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Re: Triassic Sauropods
> The postcrania of *Opisthocoelicaudia* is classically
> titanosaur, including phalanx reduction, caudal reduction,
> expanded but singular lateral camerae (non-complexity to
> pleurocoels), femoral morphology (wide-gauge hips), etc.
> <Not surprisingly, Chinese euhelopodids are basal to both
> Nemegtosaurus and Opisthocoelicaudia.>
> Upchurch finds this a monophyletic non-Neosauropoda group,
> Wilson and Sereno find this a paraphyletic assameblage with
> *Euhelopus* a true titanosauriform (somphospondylian), and other
> "euhelopodids" splayed radially. No concensus.
I prefer Upchurch's view, based on paleobiogeography and
Mathew J. Wedel, Richard L. Cifelli, and R. Kent Sanders: *Sauroposeidon
proteles*, a new sauropod from the Early Cretaceous of Oklahoma, JVP 20(1):
109 -- 114, March 2000
"The presence of of pneumatic camellae has previously been regarded as a
synapomorphy of (*Euhelopus* + Titanosauria) [ = Somphospondyli] (Wilson and
Sereno, 1998) or of Titanosauria alone (Powell, 1987). However, some basal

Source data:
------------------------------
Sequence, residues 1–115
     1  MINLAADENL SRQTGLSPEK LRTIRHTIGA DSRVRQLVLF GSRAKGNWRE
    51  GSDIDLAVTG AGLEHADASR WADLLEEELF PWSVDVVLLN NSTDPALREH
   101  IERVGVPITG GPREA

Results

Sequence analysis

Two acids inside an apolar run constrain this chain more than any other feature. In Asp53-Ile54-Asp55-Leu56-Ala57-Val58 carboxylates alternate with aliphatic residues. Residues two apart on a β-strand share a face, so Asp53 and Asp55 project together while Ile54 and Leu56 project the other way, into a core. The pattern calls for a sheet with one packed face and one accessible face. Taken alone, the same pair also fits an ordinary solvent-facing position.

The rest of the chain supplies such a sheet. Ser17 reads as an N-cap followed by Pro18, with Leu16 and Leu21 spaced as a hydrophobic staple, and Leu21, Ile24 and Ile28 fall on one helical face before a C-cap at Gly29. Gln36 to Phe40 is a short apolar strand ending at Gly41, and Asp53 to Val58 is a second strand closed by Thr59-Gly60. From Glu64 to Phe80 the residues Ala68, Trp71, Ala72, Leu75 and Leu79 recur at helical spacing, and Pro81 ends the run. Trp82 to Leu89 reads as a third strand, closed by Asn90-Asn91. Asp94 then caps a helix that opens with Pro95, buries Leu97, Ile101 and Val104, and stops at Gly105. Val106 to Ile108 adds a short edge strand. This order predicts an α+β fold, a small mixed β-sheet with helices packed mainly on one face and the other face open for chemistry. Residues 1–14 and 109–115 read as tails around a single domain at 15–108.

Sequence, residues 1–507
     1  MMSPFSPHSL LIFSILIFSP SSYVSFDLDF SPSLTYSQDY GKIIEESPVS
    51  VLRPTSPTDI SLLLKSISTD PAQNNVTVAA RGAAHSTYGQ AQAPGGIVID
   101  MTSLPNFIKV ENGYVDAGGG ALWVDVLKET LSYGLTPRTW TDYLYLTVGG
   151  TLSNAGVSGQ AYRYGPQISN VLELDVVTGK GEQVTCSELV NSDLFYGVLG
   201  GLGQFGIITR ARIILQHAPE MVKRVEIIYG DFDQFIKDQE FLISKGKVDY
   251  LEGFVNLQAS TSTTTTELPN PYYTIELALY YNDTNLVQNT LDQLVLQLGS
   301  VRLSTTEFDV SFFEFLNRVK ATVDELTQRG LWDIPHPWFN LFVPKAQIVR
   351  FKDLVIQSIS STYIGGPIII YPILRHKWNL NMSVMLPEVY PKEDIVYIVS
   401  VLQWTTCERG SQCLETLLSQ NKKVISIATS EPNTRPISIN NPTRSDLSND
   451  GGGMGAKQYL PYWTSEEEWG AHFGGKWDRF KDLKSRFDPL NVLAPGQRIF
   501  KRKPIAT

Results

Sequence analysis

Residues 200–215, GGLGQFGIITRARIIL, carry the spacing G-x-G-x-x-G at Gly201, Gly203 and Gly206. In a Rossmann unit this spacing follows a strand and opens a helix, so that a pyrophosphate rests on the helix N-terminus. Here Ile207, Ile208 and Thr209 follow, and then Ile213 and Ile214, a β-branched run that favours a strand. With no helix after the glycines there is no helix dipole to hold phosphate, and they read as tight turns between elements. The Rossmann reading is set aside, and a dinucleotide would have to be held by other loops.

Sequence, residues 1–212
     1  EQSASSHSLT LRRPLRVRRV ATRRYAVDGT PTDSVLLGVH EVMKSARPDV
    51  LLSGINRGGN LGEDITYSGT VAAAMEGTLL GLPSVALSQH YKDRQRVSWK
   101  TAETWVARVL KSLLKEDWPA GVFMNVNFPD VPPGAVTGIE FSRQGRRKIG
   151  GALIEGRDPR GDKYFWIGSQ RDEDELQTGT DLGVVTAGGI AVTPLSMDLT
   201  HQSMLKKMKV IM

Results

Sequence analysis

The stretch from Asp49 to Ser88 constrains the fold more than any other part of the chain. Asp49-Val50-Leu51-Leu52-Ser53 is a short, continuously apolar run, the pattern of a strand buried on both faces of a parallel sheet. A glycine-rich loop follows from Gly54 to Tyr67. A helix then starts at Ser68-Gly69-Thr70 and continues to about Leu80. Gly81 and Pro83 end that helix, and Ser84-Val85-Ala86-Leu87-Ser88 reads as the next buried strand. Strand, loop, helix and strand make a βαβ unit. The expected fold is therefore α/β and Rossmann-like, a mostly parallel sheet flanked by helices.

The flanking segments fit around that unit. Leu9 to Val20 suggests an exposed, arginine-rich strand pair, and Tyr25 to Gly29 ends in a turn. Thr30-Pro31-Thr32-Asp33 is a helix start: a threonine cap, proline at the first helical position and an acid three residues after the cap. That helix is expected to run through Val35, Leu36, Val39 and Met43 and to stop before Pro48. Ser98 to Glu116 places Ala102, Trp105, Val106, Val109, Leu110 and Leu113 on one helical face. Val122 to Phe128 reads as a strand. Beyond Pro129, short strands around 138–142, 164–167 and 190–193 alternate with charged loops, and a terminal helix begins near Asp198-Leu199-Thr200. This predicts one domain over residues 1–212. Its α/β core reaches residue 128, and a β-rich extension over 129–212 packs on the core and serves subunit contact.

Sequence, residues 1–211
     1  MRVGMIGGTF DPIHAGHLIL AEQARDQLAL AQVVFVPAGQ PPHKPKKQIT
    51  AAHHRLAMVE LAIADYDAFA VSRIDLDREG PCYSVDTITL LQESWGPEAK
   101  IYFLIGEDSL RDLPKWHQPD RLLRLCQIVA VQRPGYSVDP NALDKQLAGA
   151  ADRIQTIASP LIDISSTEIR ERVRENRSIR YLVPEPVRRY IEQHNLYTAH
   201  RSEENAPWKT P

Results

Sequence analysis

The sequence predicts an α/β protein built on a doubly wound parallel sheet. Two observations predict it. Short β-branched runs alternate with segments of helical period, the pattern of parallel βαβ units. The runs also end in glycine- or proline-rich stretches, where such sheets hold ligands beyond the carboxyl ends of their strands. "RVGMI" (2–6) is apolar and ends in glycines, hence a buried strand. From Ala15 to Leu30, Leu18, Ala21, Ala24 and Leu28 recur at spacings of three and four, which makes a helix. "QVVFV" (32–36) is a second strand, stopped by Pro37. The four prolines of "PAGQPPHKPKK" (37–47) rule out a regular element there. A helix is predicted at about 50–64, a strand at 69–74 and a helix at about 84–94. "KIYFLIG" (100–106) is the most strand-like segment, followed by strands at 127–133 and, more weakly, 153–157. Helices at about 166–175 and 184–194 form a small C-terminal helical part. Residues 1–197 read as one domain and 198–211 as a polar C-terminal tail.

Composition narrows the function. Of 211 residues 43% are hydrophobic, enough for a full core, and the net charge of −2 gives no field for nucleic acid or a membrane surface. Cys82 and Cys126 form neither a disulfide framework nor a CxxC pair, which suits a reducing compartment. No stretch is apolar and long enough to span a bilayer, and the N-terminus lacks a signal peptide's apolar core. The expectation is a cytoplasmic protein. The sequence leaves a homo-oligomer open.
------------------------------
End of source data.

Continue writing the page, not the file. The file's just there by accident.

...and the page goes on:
titanosaurs had a simple, camerate structure (MW, unpubl. data), while the
derived pneumatic camellae have been recognized in the cervical series of
*Brachiosaurus* (see Britt, 1993; Upchurch, 1998) [and *Sauroposeidon*] and
in the posterior cervicals of *Diplodocus* (see Britt, 1993). This suggests
that camellate internal structure is homoplas[t?]ic in sauropods and evolved
in long-necked lineages as a means of reducing weight."
However, I have a different question -- the same paper states
"The cervical vertebrae of *Sauroposeidon* are the longest among the
Sauropoda and, based on comparison to the HM SII specimen of *Brachiosaurus*
[*Giraffatitan*], we estimate its neck to have been at least 12 m in
length -- the longest of any known vertebrate."
I thought that the neck of *Mamenchisaurus*, with its 19 vertebrae, was 15 m
long? Has this been revised?